As Andersen compares, “It’s a little like trying to fix your car by pouring oil over the engine — some of it may dribble into the right place, but a lot of it will do more harm than good.” Worse still, these medications bathe the brain in chemicals and hormones. Little research is available into the impact of this in terms of response and brain function on a long-term scale. These responses and changes may be long-lasting. Andersen explains this, continuing his automotive comparison, “So you’re not just pouring oil over the engine — the engine is actually changing as a consequence of being bathed in engine oil all that time.”
Andersen believes prioritizing this research is a necessity to ensure the safety of our youth. He states, “there should be more public pressure on the pharmaceutical industry, and also on our federal funding agencies, to perform and support studies of the long term consequences of treating pre-adolescent and adolescent children with these drugs over periods of years, and to look at what happens as these individuals are taken off the drugs after periods of time.”
However, he doesn’t limit blame for the push toward medication-based treatment to the medical community and pharmaceuticals. “There’s a societal issue here, as well as a public policy issue,” says Anderson. The first-line recommended treatment in most cases is behavioral therapy. However, this isn’t always the easiest treatment. For large families or rural families, access to alternative therapies might be too difficult. For those with lower income, taking the time off of work to seek treatment might not be feasible. For teachers and childcare providers, medication offers a consistent set of standards and practices. When you have a class full of children, each with different needs, the balancing act becomes complex quickly.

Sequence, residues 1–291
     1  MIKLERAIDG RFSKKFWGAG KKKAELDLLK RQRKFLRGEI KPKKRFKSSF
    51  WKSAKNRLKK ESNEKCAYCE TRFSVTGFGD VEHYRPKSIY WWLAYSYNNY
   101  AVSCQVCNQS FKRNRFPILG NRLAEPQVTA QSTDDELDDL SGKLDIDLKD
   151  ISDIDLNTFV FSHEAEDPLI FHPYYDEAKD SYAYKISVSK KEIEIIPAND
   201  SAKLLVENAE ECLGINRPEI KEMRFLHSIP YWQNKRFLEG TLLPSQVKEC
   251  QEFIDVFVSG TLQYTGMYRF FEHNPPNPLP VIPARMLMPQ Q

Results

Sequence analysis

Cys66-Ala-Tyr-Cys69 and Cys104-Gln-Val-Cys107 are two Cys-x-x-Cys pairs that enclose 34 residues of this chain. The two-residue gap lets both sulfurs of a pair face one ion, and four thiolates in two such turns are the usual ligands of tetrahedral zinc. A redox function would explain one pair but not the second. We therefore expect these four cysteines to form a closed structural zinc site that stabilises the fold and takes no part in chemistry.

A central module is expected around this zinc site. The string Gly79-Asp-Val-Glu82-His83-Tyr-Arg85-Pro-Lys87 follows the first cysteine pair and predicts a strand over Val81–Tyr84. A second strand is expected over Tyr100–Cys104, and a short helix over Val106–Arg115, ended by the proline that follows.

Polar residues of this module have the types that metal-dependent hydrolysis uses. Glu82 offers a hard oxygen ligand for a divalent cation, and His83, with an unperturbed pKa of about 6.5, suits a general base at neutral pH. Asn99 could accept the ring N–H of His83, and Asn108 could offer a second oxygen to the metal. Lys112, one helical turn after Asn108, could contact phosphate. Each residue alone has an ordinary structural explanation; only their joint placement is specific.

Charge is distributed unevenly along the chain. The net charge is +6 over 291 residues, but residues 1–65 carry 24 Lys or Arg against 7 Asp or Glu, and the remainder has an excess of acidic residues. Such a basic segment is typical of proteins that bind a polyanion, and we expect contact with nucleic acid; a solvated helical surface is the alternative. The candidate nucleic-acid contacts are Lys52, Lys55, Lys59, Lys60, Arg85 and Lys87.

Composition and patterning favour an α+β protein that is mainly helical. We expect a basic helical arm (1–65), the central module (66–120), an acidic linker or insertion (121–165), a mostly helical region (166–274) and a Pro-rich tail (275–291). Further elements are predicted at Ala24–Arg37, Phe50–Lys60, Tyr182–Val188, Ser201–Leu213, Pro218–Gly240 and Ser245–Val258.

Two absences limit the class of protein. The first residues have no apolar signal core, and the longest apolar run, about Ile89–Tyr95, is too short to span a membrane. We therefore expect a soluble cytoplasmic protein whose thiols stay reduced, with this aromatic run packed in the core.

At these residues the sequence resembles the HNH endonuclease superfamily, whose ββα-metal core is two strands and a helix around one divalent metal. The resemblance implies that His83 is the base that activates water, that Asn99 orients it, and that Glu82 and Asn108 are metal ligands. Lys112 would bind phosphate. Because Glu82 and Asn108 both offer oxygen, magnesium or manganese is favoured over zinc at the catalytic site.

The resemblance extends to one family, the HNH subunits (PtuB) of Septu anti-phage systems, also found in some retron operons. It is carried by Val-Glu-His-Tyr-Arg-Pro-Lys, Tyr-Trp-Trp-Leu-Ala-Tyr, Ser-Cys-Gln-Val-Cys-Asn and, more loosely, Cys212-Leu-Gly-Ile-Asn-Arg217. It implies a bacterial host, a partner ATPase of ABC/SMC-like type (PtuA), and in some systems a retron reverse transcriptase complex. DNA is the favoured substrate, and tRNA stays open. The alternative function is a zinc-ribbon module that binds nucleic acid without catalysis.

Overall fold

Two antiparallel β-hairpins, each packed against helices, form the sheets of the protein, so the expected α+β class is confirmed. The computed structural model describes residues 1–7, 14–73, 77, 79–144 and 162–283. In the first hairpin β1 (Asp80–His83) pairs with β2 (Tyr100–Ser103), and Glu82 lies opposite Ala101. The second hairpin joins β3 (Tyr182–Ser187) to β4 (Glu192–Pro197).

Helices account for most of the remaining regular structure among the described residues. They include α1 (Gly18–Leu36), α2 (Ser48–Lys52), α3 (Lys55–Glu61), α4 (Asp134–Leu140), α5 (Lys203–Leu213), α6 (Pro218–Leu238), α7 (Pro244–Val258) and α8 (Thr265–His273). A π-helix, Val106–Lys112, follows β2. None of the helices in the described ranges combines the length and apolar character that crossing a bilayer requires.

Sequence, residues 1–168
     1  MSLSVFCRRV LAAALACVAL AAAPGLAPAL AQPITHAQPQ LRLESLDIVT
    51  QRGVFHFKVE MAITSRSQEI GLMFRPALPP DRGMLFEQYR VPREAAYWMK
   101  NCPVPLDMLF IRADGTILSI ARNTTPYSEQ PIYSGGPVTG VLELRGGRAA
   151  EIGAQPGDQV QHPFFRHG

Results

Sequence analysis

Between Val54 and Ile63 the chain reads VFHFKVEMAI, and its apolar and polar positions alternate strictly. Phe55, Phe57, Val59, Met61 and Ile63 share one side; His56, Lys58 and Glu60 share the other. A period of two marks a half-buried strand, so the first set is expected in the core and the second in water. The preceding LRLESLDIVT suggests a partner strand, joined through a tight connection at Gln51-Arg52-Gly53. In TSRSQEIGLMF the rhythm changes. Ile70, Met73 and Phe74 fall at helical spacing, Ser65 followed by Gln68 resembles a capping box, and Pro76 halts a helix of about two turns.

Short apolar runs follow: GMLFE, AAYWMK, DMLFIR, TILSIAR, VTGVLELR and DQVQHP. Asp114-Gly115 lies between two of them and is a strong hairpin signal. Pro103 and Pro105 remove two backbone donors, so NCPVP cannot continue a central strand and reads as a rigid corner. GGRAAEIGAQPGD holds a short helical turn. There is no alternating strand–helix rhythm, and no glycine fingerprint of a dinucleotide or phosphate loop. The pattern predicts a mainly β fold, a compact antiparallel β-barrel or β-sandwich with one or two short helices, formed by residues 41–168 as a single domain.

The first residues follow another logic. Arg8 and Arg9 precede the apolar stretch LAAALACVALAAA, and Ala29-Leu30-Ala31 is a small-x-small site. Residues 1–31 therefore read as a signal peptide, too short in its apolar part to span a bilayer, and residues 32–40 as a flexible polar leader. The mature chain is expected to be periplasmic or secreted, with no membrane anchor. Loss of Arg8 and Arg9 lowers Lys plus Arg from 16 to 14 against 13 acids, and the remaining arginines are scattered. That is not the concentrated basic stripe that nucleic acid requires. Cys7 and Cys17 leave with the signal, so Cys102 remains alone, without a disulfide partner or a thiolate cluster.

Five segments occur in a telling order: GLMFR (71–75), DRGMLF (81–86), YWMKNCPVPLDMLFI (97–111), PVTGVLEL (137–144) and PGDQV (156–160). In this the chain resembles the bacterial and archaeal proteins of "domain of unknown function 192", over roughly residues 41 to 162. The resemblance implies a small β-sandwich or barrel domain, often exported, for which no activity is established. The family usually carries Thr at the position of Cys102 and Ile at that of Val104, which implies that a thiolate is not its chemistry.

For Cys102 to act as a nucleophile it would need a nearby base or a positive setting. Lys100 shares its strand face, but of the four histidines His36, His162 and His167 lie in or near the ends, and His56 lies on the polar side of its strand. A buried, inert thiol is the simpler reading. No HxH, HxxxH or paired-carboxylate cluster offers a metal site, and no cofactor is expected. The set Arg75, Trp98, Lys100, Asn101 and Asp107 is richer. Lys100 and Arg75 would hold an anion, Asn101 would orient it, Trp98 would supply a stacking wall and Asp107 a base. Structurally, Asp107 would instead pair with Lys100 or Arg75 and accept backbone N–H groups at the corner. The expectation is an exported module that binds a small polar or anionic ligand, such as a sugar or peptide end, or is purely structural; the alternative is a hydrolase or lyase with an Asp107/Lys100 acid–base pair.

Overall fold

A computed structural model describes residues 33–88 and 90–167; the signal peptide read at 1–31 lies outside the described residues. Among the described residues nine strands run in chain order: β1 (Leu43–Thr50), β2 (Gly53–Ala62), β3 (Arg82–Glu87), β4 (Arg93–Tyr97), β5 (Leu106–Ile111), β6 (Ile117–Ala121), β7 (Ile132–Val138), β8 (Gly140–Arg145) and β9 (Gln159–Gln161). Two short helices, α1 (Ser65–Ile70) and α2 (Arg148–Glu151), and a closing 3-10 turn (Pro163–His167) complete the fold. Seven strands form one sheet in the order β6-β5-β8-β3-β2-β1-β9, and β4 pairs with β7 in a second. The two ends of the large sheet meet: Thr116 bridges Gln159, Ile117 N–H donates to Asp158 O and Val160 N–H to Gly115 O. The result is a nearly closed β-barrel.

So where does that leave the future of ADHD treatment options? Andersen remains hopeful, saying, “If we want to understand what goes wrong in these disorders, we have to understand how the wiring of the brain and the computational parts of the brain contribute to emotion.” This will allow targeted treatment that is both more effective and less likely to create widespread side effects.
One promising advance comes in the form of neurofeedback. This technology allows scientists to measure brain activity down to the level of individual neurons—a level of precision thought impossible just decades ago. While it might not offer immediate answers, it offers the hope of progress. “The thought that we’re going to unravel all of this complexity and come to a quick fix any time soon is overly optimistic,” says Anderson. “But at least we’re getting to know how high the mountain is we’re trying to climb.”
In the meantime, he pushes for society to inspect what they consider to be ADHD behaviors. He says, “For the environment and the conditions and society and family in which you function on a day-to-day basis, is this condition adaptive or maladaptive? That’s the key.” As movements grow to improve acceptance of behavior far from the “normal” distribution, so do the chances of finding improved and less disruptive ways of treating the extremes of ADHD.